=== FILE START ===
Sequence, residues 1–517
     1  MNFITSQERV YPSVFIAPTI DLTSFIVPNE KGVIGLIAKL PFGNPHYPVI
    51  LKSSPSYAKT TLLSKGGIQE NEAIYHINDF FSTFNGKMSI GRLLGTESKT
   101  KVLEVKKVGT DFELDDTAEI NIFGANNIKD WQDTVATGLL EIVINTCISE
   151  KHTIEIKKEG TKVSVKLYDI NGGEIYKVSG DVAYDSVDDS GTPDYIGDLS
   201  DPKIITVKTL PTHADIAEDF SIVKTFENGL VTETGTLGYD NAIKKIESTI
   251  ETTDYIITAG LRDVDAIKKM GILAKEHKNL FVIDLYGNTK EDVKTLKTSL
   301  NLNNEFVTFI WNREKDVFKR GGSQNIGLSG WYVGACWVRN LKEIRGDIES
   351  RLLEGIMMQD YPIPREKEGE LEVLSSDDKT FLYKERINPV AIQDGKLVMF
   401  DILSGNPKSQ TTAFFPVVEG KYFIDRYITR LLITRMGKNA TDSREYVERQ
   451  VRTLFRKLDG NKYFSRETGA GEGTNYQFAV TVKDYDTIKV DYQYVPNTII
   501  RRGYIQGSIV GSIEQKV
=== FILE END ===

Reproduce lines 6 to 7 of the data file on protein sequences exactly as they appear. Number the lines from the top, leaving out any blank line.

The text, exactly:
   201  DPKIITVKTL PTHADIAEDF SIVKTFENGL VTETGTLGYD NAIKKIESTI
   251  ETTDYIITAG LRDVDAIKKM GILAKEHKNL FVIDLYGNTK EDVKTLKTSL